BOWLING GREEN, Ky. - WKU Veterans Upward Bound alumnus Philip Parsons of Lewisburg has been tapped to serve as a keynote speaker at a national conference.
The conference, sponsored by the National Association of Veterans Upward Bound (NAVUB), will run from March 10-14 in Nashville. Parsons will make his presentation at the conference's Eagle luncheon on March 11. The focus of his talk will be how Veterans Upward Bound (VUB) has helped him to pursue his educational goals.
VUB Director Davy Stone and Counselor Rick Wright will be in the audience to hear Parsons' speech. "This is a great professional development opportunity for Philip," Wright said. "I know the crowd will really enjoy his remarks. He represents our program in a very positive way and we're very proud of him."
A veteran of the U.S. Army, Parsons graduated from the WKU VUB program in the summer of 2012. He is pursuing an associate degree in human services at Hopkinsville Community College. Last summer, he was one of only 11 students in the United States to win a $1,000 scholarship from NAVUB. Parsons is the ninth Veterans Upward Bound student from WKU to receive this prestigious award in the past 10 years.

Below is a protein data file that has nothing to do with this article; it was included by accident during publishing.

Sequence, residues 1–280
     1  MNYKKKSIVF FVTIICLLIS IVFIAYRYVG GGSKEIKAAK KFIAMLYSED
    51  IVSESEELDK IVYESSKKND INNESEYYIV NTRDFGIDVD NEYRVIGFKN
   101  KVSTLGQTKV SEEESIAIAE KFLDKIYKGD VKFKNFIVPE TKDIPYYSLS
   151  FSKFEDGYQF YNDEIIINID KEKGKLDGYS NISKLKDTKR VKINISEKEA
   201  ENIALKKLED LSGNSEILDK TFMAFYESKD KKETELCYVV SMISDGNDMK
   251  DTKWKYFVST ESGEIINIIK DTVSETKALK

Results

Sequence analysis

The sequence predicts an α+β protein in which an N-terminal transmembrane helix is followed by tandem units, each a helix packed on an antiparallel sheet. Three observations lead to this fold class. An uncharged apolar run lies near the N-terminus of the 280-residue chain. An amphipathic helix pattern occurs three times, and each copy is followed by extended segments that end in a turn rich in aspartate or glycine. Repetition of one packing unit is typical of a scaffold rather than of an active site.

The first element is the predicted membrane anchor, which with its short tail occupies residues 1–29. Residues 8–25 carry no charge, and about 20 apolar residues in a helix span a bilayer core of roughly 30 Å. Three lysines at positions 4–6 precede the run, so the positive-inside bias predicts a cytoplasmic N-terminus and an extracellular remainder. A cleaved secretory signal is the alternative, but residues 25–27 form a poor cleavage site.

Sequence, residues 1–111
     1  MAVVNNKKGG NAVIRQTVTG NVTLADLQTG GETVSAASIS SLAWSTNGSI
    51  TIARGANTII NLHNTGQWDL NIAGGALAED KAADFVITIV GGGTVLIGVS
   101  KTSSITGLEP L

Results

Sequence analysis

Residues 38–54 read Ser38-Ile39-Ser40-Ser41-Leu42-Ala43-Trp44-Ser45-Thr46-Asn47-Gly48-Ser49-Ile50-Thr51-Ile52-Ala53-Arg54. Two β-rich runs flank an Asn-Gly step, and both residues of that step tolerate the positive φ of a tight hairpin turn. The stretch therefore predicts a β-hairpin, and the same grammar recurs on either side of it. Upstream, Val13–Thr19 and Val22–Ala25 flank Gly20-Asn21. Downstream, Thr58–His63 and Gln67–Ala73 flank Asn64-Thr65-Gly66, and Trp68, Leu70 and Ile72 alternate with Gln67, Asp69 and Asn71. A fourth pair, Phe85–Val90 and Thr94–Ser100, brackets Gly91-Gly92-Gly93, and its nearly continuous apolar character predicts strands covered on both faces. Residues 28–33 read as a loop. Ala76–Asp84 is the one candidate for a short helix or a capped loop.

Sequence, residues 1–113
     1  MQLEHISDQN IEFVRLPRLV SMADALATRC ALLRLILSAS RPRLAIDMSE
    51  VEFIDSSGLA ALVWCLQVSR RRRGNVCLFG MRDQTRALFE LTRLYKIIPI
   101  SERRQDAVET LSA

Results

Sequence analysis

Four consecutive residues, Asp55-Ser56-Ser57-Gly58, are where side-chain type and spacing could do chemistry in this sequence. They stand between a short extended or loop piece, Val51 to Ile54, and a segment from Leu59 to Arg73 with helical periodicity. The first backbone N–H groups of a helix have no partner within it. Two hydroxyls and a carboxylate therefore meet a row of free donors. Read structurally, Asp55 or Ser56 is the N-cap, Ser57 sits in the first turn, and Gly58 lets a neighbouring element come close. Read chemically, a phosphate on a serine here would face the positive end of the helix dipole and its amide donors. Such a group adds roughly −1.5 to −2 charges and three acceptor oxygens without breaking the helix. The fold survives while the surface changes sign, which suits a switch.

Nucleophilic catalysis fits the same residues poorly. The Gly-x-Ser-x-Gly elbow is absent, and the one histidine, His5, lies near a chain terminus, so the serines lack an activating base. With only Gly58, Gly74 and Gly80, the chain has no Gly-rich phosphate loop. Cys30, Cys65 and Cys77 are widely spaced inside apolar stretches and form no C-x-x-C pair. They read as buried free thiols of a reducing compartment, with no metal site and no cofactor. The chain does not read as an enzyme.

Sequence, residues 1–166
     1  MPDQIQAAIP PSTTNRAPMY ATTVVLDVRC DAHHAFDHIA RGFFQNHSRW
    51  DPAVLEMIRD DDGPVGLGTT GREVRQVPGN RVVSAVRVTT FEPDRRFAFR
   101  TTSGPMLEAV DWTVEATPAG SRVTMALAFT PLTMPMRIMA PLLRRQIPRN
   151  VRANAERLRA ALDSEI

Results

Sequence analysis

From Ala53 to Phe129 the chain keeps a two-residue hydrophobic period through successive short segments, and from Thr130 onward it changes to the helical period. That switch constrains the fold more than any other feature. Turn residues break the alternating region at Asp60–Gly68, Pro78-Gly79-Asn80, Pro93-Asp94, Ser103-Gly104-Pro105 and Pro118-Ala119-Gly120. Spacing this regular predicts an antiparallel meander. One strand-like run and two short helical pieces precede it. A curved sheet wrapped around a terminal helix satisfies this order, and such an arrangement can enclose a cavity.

The National Association of Veterans Upward Bound (NAVUB) is the professional association for Veterans Upward Bound staff. Veterans Upward Bound projects, supported by NAVUB, are dedicated to fully developing the personal potential of all U.S. military veterans, just as NAVUB is dedicated to fully developing professional staff members who work with VUB's veterans. The Nashville conference will feature workshops, meetings and special events.
WKU is one of 51 Veterans Upward Bound projects across the United States and the only one in Kentucky. Tennessee has three VUB programs. Since coming to WKU in 1992, VUB has helped more than 2,500 veterans get admitted to colleges, universities and technical schools. VUB is a non-profit, grant-funded project sponsored by the U.S. Department of Education. It caters primarily to low-income veterans and veterans who are first-generation college students.
Information provided by WKU News
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